Text to Speech support

Created by: Lester Caine, Last modification: Tue 15 of Jul, 2014 (07:44 UTC)

As the basic audio call system uses a set of pre recoded sound segments to build the automatic announcment, it is restricted to simply anouncing ticket numbers along with counter, booth or desk as numbers or letters. Calling by name and supporting more diverse room locations has in the past been provided by the rVoice text to speech engine. With the takover of Rhetorical by ScanSoft 10 years ago, the rVoice TTS engine was shelved in favour of the systems marketed by the new American owners. This is rather anoying since the engine is still today the best option for announcing names in the calling system and Nuance no longer seem to sell a Text to Speech solution at all, just the Dragon Speech Recognition. None of the other replacements are as clean as rVoice. The problem however is that while the engine is still performing perfectly, it is only able to be run on W2k due to it's licence and so while it can still be maintained, other restictions are creating pressure for it to be replaced. The problem is finding a suitable replacement. Most of the current options work well enough for personal interaction perhaps via a computer speaker or headset, but using them with a PA system is not so clear.

Since Rhetorical was a spin off from Edinburgh University it's perhaps not suprising that the bigest open source engine is still hosted by them. Festival is still a little strained in it's pronunciation, as is the alternate eSpeak engine, so this leaves the commercial options of which nothing stands out. While researching the current alternatives I did come across a new company, CereProc which has staff from the original Rhetorical team so should be interesting except for an anual charge for each voice.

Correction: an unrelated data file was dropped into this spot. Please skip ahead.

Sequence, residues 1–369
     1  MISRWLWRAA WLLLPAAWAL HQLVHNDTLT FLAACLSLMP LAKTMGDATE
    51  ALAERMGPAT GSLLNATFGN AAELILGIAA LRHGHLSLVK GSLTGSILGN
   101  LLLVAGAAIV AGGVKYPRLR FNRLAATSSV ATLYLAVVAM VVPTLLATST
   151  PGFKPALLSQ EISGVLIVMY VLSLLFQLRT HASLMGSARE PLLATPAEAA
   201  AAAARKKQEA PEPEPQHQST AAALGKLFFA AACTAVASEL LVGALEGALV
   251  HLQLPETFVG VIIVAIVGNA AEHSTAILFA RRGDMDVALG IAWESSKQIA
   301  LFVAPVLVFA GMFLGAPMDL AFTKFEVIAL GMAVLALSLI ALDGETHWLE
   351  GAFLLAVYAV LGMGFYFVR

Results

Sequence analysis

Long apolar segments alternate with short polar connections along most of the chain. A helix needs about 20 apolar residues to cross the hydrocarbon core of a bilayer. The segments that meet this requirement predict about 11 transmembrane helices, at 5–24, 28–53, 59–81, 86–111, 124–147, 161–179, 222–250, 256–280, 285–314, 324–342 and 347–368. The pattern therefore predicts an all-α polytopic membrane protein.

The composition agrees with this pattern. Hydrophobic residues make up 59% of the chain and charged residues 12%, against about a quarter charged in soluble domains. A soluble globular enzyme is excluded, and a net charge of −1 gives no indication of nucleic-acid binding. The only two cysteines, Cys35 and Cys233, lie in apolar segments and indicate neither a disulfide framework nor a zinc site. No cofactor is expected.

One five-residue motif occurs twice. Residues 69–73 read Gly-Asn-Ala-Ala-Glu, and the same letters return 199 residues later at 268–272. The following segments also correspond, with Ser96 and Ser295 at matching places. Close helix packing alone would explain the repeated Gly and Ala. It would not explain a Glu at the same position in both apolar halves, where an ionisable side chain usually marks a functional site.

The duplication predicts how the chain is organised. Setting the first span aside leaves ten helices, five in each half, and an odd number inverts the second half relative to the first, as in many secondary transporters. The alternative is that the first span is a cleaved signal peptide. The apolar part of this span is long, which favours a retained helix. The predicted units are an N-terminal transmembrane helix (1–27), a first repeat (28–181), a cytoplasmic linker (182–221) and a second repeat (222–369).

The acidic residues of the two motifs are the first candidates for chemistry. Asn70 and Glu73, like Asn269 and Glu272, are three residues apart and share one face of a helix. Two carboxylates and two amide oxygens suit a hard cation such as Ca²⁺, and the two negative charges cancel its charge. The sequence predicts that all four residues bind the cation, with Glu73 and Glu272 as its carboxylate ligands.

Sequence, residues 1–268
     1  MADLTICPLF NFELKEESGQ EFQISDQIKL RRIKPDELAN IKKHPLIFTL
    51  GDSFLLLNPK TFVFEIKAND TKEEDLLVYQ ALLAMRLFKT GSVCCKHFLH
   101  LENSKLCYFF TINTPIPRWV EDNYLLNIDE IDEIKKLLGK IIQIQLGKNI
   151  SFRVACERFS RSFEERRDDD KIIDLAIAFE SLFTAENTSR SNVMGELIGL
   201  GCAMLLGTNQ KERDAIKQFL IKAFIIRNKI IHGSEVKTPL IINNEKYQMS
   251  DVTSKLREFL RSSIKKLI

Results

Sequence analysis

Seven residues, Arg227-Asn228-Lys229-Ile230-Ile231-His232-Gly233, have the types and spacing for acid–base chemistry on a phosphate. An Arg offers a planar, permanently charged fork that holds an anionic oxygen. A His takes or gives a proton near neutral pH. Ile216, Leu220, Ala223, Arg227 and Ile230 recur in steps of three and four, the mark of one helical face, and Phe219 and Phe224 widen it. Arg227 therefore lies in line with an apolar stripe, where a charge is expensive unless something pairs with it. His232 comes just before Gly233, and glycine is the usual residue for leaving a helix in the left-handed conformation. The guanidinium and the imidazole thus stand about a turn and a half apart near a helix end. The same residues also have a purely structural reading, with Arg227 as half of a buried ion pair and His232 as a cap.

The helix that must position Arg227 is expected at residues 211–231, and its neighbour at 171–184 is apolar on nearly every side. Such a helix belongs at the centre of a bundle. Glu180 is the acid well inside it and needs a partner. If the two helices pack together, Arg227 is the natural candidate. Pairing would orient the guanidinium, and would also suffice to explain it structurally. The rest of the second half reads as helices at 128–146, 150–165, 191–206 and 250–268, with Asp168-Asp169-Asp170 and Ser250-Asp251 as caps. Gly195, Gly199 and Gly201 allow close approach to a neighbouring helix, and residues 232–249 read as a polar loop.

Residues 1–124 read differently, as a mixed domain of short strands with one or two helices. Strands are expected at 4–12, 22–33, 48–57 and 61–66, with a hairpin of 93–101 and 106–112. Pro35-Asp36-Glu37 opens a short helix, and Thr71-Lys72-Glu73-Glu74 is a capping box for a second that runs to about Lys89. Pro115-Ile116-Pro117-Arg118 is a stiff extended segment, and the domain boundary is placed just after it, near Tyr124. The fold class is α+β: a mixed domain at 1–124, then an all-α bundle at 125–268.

Wikipedia has a well researched up to date view of the current marketplace. It picks up that in addition to Rhetorical, Nuance has also take over both Lernout & Hauspie and Speechworks which were two other good quality engines in the early days. The history of these developments is nicely documented on Wikipedia.

The system being used for the CMS framework was originally developed to support transport announcements on railway and bus stations, where the clarity of annoucements is very important. Assessing a new option which can be used in that environment will require a substantial amount of work.

Currently reviewed options

CereProc Demo on top bar
SitePal On-line service only
NeoSpeech No pricg details on-line
Cepstral Sounds a little stunted
eSpeak Too robotic for announcements
Festival As above
NaturalReader Not too bad when equalised in the amplifier.
Nuance Not found prices for Vocalizeer yet

A few more options are listed on Wikipedia

Rhetorical history